Global Security Newswire
Daily News on Nuclear, Biological & Chemical Weapons, Terrorism and Related Issues
Ethiopia Still Seeking Help With Chemical Weapons
WASHINGTON — Chemical weapons abandoned by two invading forces remain in Ethiopia, the African nation’s president said recently, but it’s not clear if that claim is based on present-day evidence or a strongly held belief left from armed intrusions in the past.
President Girma Woldegiorgis said chemical munitions were stockpiled around the country by the Italian army in the 1930s and by invading Somali forces in 1977.
The Organization for the Prohibition of Chemical Weapons has been helping Ethiopia rid itself of remnants of those weapons with training and technical assistance, Woldegiorgis said last month during an OPCW workshop in Addis Ababa, the Ethiopian News Agency reported. However, the country has not submitted a declaration detailing the leftover agents, organization spokesman Peter Kaiser told Global Security Newswire.
Ethiopia signed onto the Chemical Weapons Convention in 1993. The treaty requires each member state to declare whether it has any chemical weapons on its territory, no matter the age of the weapons or whom they belong to. That statement is a prerequisite to obtaining OPCW support in disposing of the munitions.
A declaration would allow OPCW personnel to verify and secure chemical weapons, determine whether they are still usable and help formulate a plan for their destruction, Kaiser said.
“All we have at the moment is a statement. Until we have a declaration there is no basis for inspection,” Kaiser said. Lack of a declaration does not necessarily mean munitions have not been found, he added.
A spokesman for the Ethiopian Embassy in Washington said he had no details on the number of chemical weapons remaining in his nation, and did not respond to further requests for information.
There is no doubt that chemical weapons have been used in Ethiopia and other North African nations, experts said. Mustard gas was “definitely” expended during pitched battles between the Allied and Axis forces in World War II, Kaiser said. In the chaos of war, it’s easy to believe that munitions were left behind, he said.
Some experts theorized that Egypt used mustard gas abandoned by British forces during the African nation’s intervention in the Yemeni civil war in the mid-1960s, said Richard Guthrie, head of the chemical and biological warfare project at the Stockholm International Peace Research Institute. However, no African country has formally declared finding another army’s chemical weapons on its soil, Kaiser said.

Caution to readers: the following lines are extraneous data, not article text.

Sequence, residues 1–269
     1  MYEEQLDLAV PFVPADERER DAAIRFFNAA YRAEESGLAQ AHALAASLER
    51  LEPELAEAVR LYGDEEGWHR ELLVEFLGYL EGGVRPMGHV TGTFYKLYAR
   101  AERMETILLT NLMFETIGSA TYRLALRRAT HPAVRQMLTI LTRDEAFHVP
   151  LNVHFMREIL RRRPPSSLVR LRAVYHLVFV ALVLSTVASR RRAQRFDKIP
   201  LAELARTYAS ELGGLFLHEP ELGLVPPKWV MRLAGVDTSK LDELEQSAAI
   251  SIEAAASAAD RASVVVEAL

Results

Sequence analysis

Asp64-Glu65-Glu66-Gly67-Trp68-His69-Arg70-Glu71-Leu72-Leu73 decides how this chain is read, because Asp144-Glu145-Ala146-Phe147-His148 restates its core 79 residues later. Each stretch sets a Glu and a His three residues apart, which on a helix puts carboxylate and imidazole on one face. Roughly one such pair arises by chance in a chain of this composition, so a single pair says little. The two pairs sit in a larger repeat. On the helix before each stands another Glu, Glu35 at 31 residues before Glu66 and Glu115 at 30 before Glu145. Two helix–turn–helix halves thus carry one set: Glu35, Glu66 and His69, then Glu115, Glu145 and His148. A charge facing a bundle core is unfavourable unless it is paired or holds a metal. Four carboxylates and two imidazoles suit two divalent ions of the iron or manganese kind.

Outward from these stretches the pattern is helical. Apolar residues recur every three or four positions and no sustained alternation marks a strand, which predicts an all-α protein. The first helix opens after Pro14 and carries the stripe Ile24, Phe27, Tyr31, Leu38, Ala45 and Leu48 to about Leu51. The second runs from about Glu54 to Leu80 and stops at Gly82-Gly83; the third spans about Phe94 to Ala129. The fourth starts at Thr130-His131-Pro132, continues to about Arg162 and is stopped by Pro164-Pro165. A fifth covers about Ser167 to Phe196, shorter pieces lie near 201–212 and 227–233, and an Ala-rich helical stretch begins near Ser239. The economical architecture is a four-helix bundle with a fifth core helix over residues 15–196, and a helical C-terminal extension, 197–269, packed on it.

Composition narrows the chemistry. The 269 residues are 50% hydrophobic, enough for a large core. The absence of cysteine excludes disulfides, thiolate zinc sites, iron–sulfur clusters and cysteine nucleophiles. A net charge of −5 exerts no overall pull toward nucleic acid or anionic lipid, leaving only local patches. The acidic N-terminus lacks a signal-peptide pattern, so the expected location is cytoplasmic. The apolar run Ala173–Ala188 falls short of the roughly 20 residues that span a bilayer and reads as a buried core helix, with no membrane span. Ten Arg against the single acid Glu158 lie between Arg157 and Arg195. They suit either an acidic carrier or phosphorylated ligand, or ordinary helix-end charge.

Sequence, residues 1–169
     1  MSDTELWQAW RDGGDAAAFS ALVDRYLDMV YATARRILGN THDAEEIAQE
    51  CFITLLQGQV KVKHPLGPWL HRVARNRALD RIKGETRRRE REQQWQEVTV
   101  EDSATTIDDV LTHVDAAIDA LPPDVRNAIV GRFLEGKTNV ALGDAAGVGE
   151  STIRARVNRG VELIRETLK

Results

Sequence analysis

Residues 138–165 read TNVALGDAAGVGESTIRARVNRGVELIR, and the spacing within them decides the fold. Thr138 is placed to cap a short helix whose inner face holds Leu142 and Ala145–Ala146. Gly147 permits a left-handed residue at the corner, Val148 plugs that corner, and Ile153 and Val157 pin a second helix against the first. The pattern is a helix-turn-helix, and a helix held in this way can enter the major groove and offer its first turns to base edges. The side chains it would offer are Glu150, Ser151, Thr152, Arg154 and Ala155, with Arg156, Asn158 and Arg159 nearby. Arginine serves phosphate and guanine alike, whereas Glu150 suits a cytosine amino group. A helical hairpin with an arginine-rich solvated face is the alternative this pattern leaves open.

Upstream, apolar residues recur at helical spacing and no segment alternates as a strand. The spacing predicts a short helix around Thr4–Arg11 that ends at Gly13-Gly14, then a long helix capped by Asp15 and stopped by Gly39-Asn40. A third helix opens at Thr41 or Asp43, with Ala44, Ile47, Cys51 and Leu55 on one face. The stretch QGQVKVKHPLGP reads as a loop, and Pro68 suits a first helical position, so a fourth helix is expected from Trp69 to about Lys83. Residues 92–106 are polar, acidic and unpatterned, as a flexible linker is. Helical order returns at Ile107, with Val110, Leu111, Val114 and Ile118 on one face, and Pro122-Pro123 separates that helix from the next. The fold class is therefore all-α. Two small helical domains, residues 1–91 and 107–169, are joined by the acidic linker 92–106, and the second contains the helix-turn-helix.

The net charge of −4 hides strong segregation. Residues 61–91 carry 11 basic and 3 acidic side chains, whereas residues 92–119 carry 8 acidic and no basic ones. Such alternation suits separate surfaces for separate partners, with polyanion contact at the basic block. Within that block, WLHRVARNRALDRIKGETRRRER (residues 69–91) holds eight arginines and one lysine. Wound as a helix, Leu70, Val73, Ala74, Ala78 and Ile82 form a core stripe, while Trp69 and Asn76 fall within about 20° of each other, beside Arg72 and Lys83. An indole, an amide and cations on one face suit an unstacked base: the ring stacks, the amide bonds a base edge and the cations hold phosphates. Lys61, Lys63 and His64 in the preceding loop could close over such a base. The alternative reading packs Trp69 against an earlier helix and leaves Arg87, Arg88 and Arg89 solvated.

“Either it is not there or it hasn’t been found or it’s buried … deep,” he said.
Member states that abandon chemical weapons in other nations are responsible under the treaty for recovering those arms. Several nations say they have been saddled with other countries’ agents. Japan’s plan to incinerate chemical agents in China is the only effort that has made serious inroads at disposing of leftover weapons in another country, Kaiser said (see GSN, April 23).
Ethiopia and Italy have long disputed the existence of chemical munitions remaining from the 1930s invasion of what was then Abyssinia. Reports state the Italian military transported 80,000 tons of the weapons into the country. The African nation’s delegate to the League of Nations indicated Italy made had made 20 “poison gas attacks” by 1936, generally using mustard gas, according to a summary by Terrorismfiles.org.
Ethiopian builders working on a school in 2001 found about 1,400 armaments believed to date to the Italian occupation, but Italy said a technical delegation determined the weapons consisted solely of conventional arms. Italy denies leaving behind any chemical arms (see GSN, Dec. 30, 2002).
Both Kaiser and Guthrie said they had not heard reports of chemical weapons being used during Somalia’s invasion of Ethiopia. Support from Somalia in collecting any weapons is unlikely as the country does not have a permanent government and remains riddled with internal conflict.
OPCW inspectors provided technical assistance last year in Ethiopia in identifying materials that were discovered in the country, Kaiser said. The find was determined not to be chemical weaponry, but he could not release further details of the organization’s work.
The organization later this year will train a group of Ethiopians on identifying and securing chemical weapons, Kaiser said.
Guthrie said he could only theorize why Woldegiorgis would publicly allege the chemical weapons stashes without any concrete proof. The president could be laying the foundation for an Ethiopian declaration to the Organization for the Prohibition of Chemical Weapons, or he could simply be using the conventional wisdom that chemical weapons were left in his country, Guthrie said.
“It’s a puzzle is all I can say,” he said.
Oct. 31, 2013
This CNS issue brief examines the lessons learned from dismantling Libya and Iraq's chemical weapons programs and what these two cases presage for disarmament in Syria. In particular, this article explores the challenges relating to ensuring material and physical security for both inspectors and the chemical weapons stockpile itself; verifying the accuracy and completeness of disclosed inventories; and developing effective monitoring and verification regimes for the long-term. The conclusion examines recommendations stemming from this analysis.
Oct. 21, 2013
The UNSCR 1540 Resource Collection examines implementation of United Nations Security Council Resolution 1540, which requires all states to implement measures aimed at preventing non-state actors from acquiring NBC weapons, related materials, and their means of delivery. It details implementation efforts in all of the regions and countries of the world to-date.